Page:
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Investigators should begin taking notes immediately they receive a call concerning the case, and they should continue taking notes as soon as they receive information regarding the case. They should record all the information they receive concerning the crime, the crime scene, the people involved, and other information of the investigation. The investigator should ensure that he takes legible and well-organized notes. The notes should be in a chronological order. The investigators should ensure that they do not erase anything. In case of errors, they should cross out the errors and add the correct information. They should also ensure that they do not leave any blank spaces in the notebook. The notes reflect the events as they happen, and any additional information can hinder or distort the investigation. Some investigators tend to rely on prepared forms that answer questions relating to the crime scene. However, this can hinder the effectiveness of the investigation because the forms may not capture all the information relating to the crime scene (Lee et al. 2001).

Photographs and videos present the crime scene as it is, and they provide credible pieces of evidence in court. Photographs are credible and present an accurate image of the crime scene. In addition, they are devoid of investigator bias. Investigators should ensure that they do not move anything at the crime scene before there is sufficient photographic and video evidence. Videos are important because they offer technical aspects and other important details of the crime scene. They show the date and time that the investigator took the video. Investigators can use them to show distance and measurement. They have audio capability, which can provide more clues concerning the case and which the police can use as evidence in court. However, the investigators should ensure that they are objective, and they should avoid giving their opinion when recording since this can lead to bias. Proper training ensures that the investigator captures all the necessary information.

Investigators who do not know the right way of capturing video images end up losing the chance to collect credible information. It is necessary for investigators to prepare sketches, and they should do so after they have photographed the crime scene. Investigators and any other person involved in the case should not move anything in the crime scene before the sketches are complete. Sketches are especially important in showing distances and the relationship between the physical evidence and the crime scene. Sketches are specific; they record the relevant details of the crime scene. They also contain information such as the date and time of the crime, the location of the crime, scale, legend, identity of the personnel and their assignment, the dimensions and layout at the crime scene and the positioning of the objects (Girard 2007). The investigators prepare a rough sketch on the scene, which contains all the information relevant to the crime. A professional then prepares a more detailed presentation.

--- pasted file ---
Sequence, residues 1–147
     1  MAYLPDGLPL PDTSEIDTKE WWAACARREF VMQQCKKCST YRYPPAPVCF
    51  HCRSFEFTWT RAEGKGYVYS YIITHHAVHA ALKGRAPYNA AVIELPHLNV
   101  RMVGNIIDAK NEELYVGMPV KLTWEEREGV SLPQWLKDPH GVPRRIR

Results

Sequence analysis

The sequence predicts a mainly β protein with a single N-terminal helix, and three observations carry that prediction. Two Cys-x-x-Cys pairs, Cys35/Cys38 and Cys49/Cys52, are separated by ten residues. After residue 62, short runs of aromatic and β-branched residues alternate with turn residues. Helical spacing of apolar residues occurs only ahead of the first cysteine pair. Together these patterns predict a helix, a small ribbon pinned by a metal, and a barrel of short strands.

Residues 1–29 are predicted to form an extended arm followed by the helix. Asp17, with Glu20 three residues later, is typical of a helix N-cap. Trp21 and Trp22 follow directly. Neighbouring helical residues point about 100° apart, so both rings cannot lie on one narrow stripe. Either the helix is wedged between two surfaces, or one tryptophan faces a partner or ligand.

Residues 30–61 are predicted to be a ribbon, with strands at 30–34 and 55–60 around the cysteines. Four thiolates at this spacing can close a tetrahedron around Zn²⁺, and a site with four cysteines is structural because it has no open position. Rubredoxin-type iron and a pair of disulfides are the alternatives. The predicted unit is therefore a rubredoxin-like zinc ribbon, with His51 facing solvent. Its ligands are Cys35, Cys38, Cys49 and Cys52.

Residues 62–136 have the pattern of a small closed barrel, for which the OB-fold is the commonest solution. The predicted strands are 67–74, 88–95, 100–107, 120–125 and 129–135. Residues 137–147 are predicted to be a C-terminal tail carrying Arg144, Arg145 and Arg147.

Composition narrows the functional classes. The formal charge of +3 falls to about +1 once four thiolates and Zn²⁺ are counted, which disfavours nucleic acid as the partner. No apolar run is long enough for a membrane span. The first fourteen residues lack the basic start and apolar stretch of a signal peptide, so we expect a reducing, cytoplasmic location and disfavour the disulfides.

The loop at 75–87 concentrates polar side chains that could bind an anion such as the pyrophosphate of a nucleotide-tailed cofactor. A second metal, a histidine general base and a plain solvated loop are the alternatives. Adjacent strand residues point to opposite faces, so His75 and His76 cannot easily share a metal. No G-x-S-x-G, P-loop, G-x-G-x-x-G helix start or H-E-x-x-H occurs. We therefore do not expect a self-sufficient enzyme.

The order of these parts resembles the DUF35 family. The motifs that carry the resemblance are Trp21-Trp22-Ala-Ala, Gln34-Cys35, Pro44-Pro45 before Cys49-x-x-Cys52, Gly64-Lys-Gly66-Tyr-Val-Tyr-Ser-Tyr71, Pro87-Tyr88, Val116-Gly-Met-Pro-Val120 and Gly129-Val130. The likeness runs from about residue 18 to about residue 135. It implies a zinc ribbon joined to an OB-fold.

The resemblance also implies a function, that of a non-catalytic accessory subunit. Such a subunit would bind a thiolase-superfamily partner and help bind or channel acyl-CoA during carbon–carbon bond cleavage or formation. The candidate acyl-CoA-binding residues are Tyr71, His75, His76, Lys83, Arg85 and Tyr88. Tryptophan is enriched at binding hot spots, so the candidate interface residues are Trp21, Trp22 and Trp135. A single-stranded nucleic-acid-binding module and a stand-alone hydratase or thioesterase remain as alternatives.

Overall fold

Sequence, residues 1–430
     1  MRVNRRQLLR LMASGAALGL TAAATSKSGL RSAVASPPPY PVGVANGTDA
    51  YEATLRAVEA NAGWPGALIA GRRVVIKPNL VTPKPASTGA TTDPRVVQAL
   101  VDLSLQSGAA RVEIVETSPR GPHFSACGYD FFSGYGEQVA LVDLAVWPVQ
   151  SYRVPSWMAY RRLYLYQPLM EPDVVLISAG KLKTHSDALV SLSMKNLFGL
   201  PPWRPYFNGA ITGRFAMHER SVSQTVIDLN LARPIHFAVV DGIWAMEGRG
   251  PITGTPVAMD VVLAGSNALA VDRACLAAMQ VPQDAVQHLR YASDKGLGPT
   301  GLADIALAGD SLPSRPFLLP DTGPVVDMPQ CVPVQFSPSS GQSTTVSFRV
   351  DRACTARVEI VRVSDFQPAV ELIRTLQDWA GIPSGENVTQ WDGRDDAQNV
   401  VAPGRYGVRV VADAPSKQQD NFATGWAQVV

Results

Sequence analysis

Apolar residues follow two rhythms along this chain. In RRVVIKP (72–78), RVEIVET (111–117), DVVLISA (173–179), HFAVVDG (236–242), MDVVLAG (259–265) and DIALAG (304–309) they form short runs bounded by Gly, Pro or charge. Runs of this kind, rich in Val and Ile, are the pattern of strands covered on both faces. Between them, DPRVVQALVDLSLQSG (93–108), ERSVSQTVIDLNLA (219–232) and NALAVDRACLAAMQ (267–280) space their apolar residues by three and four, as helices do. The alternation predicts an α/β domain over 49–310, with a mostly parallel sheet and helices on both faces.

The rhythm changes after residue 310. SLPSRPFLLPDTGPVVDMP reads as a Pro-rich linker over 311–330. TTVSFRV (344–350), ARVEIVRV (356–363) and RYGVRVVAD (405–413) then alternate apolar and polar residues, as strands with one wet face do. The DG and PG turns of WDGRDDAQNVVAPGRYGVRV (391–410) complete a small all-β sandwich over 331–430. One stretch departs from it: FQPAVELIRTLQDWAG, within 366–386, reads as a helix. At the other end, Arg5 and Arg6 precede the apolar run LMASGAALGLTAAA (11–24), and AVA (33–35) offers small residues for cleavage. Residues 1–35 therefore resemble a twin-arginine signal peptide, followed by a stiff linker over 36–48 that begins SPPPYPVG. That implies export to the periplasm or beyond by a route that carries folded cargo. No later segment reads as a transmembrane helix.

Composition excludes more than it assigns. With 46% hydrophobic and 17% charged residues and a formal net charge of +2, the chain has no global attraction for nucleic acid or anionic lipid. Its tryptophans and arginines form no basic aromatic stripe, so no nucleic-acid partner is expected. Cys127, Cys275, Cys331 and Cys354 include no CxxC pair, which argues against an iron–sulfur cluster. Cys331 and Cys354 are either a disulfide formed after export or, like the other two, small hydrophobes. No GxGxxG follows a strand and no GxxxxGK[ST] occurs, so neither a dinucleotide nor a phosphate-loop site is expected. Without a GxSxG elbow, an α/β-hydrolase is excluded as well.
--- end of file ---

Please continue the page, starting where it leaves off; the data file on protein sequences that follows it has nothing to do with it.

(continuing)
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It is important for the investigators to have a thorough understanding of the ways and methods of capturing evidence and the crime scene using photographs, videos, and other observation techniques, and they are able to do this through adequate training. Some assume that they are able to capture all the relevant information just because they know how to use the equipment, and this means that they end up losing a lot of important information. Training enables the investigators to know what to focus on during the investigations. For instance, they are able to record all the information systematically without moving from one piece of the evidence to the other. They are able to know how they can take the images and videos of the crime scene during unfavourable times, for example, during the night or bad weather. They are able to know how they can manipulate the light features and other technical capabilities on their equipment to ensure that they record clear and quality images. Adequate training enables the investigators to record only the necessary information, and this saves time, energy, and money. Observation techniques back up testimonies from witnesses.

It is important for the investigators to have adequate skills in note taking, as this will help them in recalling information. Investigators should understand the basic principles of note taking, such as taking the notes in a chronological order as the events happen and ensuring that the notes they take are permanent. It is important for the investigators to start recording as soon as they can and to ensure that unauthorized personnel do not come near the crime scene. This will avoid any chance of any person hampering with the evidence and it will enhance the accuracy of the investigations. Arriving at the crime scene as soon as possible will ensure that the investigators get the chance to interview the witnesses who will still have a clear idea of the events that occurred. It will ensure that the witnesses will not have time to analyze the events thus give their own opinions instead of giving the facts.